• Approach based on the constraint Uniform over the whole region: the stator of the PMSM is split in two separate regions. The first is a narrow band corresponding to the edges of the stator and has been damaged by the punching process. The second represents the innermost parts of the stator that have not been damaged through punching.
  • Approach based on the Exponential decay towards region center of the constraint: the stator is represented by a single region. The compressive mechanical stress is set to its maximum value on the boundary nodes and it exponentially decays as the nodes are located inside the region. This approach assumes that the width of the damaged zone along the boundaries is small when compared to the stator dimensions.

Figure 2. The geometry of the stator and the adopted meshes for each approach. The mesh used together with the approach based on uniform stress values applied to two regions is shown in (a). The mesh used together with the approach based on the application of a decaying mechanical stress towards the center of the unique region used is displayed in (b).
Several computations were performed with the compressive mechanical stress going from 0 to -210 MPa and with both approaches: in the case of uniform stress a damaged zone width of 0.25 mm has been used, while in the case of exponential decaying stress, the decay rate has been fixed at 0.08 mm, so that 95% of the mechanical stress is applied on the three-times (0.24 mm) width external band. The total Bertotti iron losses were evaluated while in post-processing, after resolution of a Transient Magnetic scenario. A comparison of the total iron losses obtained for each value of mechanical stress is summarized in Figure 3 below:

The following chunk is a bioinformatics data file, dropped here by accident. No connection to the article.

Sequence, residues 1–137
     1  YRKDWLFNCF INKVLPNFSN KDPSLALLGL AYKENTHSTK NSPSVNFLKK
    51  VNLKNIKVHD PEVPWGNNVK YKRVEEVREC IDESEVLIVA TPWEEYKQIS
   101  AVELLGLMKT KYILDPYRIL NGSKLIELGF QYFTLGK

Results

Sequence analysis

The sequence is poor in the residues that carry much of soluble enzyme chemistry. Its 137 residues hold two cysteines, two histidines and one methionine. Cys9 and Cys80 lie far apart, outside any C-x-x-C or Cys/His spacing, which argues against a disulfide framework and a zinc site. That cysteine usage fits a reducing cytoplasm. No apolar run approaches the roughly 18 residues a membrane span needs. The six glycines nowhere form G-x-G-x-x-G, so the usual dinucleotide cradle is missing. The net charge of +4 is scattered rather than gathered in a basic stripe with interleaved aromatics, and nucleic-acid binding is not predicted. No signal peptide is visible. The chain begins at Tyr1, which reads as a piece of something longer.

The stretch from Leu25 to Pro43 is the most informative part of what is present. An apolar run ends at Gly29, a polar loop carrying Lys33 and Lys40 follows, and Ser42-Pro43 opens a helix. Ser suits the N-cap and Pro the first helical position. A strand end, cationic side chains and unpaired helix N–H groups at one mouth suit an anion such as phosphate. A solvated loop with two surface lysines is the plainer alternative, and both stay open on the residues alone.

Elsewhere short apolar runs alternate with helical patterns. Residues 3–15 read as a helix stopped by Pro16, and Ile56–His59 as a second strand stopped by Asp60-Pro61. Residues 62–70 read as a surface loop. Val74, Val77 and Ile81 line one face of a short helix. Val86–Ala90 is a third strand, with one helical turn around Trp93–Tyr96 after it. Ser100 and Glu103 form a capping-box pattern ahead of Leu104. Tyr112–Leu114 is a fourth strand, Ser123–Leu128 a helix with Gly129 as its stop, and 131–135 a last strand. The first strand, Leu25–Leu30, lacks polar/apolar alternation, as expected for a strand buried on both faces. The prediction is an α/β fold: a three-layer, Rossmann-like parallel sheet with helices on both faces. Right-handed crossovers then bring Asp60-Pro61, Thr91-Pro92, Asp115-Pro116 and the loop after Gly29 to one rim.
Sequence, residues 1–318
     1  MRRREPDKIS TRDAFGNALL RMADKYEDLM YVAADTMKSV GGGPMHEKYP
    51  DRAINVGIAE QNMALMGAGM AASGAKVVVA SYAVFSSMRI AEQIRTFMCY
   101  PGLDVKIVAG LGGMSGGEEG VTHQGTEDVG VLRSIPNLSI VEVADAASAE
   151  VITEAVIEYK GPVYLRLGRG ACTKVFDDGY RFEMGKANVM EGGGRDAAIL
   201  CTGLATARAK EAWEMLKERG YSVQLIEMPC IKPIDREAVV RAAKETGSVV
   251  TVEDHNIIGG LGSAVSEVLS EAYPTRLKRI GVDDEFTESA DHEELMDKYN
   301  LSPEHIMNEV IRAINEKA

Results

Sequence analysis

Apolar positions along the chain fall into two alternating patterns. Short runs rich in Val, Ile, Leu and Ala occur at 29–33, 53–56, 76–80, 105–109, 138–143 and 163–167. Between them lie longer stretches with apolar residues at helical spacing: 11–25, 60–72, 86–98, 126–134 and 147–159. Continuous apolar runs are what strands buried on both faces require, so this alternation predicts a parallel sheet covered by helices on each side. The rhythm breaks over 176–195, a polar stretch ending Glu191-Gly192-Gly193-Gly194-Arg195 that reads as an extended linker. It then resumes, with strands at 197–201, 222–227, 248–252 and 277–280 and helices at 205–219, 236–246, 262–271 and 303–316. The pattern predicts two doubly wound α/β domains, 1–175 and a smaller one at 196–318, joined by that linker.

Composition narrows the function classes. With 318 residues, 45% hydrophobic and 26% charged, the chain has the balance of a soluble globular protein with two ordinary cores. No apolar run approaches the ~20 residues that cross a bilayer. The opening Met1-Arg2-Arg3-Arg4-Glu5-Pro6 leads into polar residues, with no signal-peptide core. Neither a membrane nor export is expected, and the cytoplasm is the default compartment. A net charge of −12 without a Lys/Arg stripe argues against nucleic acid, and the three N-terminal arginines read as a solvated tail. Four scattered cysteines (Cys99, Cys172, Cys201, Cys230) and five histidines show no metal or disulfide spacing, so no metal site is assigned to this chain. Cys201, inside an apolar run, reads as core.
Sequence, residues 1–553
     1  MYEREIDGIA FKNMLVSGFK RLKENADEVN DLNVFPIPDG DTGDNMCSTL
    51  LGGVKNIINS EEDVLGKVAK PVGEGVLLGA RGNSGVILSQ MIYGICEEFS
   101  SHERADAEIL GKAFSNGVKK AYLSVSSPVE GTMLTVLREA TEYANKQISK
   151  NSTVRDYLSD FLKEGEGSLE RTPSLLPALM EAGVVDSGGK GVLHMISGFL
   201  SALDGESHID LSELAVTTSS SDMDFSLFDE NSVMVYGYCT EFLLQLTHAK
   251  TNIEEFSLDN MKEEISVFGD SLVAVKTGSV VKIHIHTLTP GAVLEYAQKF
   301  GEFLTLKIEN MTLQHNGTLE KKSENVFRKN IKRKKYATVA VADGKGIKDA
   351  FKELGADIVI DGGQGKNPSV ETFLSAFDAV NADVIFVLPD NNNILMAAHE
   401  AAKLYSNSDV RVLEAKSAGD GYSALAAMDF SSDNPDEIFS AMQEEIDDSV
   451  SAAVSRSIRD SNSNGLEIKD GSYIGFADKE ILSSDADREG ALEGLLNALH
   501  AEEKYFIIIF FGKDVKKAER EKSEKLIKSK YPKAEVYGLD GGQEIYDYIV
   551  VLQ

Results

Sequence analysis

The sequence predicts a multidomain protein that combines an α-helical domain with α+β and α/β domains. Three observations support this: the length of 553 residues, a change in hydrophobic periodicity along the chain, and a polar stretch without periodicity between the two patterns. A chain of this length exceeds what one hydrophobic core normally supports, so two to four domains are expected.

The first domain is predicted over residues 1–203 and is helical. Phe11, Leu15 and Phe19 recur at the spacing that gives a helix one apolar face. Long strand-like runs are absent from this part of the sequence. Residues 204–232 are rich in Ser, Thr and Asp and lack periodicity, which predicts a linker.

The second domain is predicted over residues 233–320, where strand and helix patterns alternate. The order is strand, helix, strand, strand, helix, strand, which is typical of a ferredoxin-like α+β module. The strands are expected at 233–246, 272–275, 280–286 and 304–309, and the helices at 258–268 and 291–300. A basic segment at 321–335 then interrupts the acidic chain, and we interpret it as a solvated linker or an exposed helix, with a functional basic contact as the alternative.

Figure 3. The iron losses dissipated in the stator as a function of the mechanical stress. The blue line corresponds to the approach based on a stator split in two parts: a boundary region with an active magneto-mechanical property and an inner region without the mechanical stress dependency. The orange line, on the other hand, corresponds to the approach in which the stress decays exponentially from the boundaries towards the center of a single region.

The magnetic flux density distribution may be visualized through an isovalue plot in the stator, as shown in the Figure 4 below. In this figure we can clearly see the impact of the punching process and of the mechanical stress on the stator teeth boundaries. The intensity of the magnetic flux density in a narrow region along the perimeter of a tooth is visibly lower when compared to its innermost parts.

Figure 4. Distribution of the magnetic flux density in the bulk of the stator. Results obtained with approach based on the application of mechanical stress of -60 MPa decaying from the boundaries towards the region center.

The weakening of the magnetic flux density along the boundaries is a consequence of the localized degradation of the magnetic permeability resulting from punching during the fabrication of the stator, as shown in Figure 1.